P&J started this year's celebrations with a casual stroll through the
French Quarter in New Orleans. We were seeking such estimable religious
institutions as Dr. Zombie's House of Voodoo and the Old Absinthe House, which,
by the time we were done, had been renamed the Old Pernod House. (They simply
couldn't fit "Pernod AND Grapefruit" on the remodeled signboard.)
Your superior correspondents are now armed with voodoo good luck amulets and
packets designed to improve our already awesome sexual abilities (although why
Dr. Zombie would have little red bags of traditional voodoo items that read
"Pfizer" on the side, we don't know). Not to mention enough hex dolls to should
provide some uncomfortable moments for Governor Bigfoot if he keeps pursuing a
container port at Quonset Point, as well as for Speaker Pucky Harwood if
maintains his nepotistic and conflicted conduct.
The only down side about New Orleans is the fact that every person strolling
Bourbon Street is obligated to be drinking either beer or a $15 mint julep from
a cup large enough to hold an amount equal to the reserves of Lake
Pontchartrain. But hey, if you've seen one sidewalk with upchuck on it, you've
seen them all.
Naturally, our delicate palates required a visit to Galatoire's, one of the
Crescent City's finest restaurants, where we indulged heartily of Oysters
Rockefeller and other seafood delights. We also happened across Lindy Boggs,
widow of the renowned Louisiana senator, who was seated nearby with Dubya
Bush's chief of White House protocol. (His name escapes us, but we managed kick
him hard in the shin as we walked to the men's room.) But perhaps we should be
a bit more sympathetic, because we can imagine what a chore it must be to teach
social niceties to Dubya the Dumb. Not to mention avoiding having him set next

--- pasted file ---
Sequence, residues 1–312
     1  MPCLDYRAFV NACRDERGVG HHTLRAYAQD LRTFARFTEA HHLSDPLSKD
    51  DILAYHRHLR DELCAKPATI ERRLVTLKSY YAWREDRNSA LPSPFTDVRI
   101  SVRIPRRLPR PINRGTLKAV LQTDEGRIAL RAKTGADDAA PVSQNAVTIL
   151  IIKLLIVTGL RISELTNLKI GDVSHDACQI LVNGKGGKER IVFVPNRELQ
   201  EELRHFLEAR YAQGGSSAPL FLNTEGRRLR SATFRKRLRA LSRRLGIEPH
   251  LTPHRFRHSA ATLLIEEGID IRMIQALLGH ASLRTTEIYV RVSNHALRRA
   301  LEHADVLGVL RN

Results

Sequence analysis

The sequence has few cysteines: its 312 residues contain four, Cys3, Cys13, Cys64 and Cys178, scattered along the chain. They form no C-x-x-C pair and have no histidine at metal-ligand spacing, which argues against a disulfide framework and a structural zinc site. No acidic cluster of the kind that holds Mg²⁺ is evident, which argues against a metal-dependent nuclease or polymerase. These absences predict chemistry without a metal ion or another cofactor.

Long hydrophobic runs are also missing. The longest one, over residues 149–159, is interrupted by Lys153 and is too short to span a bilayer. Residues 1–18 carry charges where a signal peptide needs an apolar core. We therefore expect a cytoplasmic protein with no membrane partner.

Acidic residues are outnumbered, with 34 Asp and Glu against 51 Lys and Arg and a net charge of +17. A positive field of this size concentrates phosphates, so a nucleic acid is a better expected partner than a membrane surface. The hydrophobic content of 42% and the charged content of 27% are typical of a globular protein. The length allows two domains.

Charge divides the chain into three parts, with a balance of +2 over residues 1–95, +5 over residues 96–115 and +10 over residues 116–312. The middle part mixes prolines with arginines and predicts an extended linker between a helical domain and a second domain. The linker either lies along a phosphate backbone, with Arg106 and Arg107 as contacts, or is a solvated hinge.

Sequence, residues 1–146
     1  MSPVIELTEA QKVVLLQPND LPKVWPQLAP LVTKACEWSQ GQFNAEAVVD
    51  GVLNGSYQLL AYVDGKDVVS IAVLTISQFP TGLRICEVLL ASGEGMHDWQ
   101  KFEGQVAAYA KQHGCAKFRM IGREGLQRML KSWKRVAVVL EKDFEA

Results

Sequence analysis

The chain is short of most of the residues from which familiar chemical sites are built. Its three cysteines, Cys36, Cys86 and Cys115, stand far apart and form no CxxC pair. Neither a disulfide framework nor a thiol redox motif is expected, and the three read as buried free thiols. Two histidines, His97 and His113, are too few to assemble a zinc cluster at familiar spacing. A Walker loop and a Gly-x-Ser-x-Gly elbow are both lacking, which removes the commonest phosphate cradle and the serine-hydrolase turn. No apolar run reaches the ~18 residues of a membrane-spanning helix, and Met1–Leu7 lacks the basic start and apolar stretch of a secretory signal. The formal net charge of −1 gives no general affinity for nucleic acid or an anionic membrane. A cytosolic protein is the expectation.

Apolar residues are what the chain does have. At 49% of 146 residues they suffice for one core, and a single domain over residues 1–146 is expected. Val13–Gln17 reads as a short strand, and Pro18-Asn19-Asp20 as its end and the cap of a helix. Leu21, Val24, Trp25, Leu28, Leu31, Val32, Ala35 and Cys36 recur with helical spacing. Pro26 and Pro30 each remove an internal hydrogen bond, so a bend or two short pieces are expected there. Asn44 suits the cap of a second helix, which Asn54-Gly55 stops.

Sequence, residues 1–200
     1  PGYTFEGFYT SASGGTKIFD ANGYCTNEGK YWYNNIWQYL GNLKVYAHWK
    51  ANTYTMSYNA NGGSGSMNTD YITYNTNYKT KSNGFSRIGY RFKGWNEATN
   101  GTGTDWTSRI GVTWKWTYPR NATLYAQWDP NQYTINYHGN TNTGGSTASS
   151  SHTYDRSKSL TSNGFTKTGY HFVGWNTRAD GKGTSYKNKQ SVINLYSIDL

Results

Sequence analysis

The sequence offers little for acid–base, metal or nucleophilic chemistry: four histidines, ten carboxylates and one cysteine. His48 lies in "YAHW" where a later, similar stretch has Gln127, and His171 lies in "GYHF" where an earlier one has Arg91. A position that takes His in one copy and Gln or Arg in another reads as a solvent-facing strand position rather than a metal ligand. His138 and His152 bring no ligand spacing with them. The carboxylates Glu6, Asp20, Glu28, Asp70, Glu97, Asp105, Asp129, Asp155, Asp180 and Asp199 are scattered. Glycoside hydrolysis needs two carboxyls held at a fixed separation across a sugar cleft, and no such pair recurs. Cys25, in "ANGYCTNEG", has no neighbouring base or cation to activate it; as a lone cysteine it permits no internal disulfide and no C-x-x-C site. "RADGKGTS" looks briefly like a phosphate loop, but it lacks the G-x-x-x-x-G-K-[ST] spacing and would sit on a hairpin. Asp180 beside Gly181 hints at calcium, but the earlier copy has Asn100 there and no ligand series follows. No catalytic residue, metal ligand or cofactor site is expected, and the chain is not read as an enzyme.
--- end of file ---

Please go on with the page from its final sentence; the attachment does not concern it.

to a head of state who expects someone to use utensils when they eat. Or to
supply the vomit bags whenever the little dope ventures any further than the
On that note, P&J enjoyed a trip across the deep South, cutting through
Mississippi and Alabama to the Florida panhandle, counting the teeth of
residents as we traveled. There, we enjoyed the Gulf of Mexico, where sting
rays cruised the shore, not a pleasant proposition, since P had once again shot
his mouth off during holiday celebrations at Casa Diablo and promised to do the
traditional "Penguin Plunge," unaware that the worst cold front since the ice
age had invaded the Gulf of Mexico. As we write this, the faithful Jorge is
still trying to retrieve two delicate parts of Phillipe's anatomy from the
spots in his cheeks where they ascended during the watery fiasco.
Other than that, Mrs. Lincoln . . .
Looking back on the past year, there is at least one bright spot that came
through -- the profoundly positive effect that 9-11 conjured out of Americans
in the wake of this enormous tragedy. Phillipe and Jorge seem to constantly
meet people who took this reality slap in the face to both heart and mind,
actually shifting their priorities and behaviors in its aftermath, invariably
in a way that was only for the future good of themselves and others.
And in a figurative salute to a literal action, a tip of the cap to our
favorite sports moment of the year -- and certainly on the most touching we can
remember -- which was when the New York Mets came out on the field to play
their first home game after September 11, wearing New York police, fire, and
rescue logo caps in lieu of their usual hats. It was a powerful visual
statement that we won't soon forget.
Highly selective thoughts on 2001
The shadow of September 11 will, of course, always dominate the thoughts of
everyone when we look back on the year 2001. The immense horror of that date
overshadows everything, as the repercussions and implications continue to
evolve. Back home in the Biggest Little, other events of note will continue to
rattle around in the back of the head.
Of course, the Plunder Dome saga continues, with the endgame slated to begin
in April. Whither goest the Bud-I? Darned if we know. All the pundits tell us
it's 50-50 as to whether or not Our Little Towne's longest serving mayor goes
down in flames, or once again, rises like (dare we say?) a phoenix and
continues to rule Renaissance City with an iron rug. It's all a matter of
whether or not the prosecutors in the US Attorney's office can connect the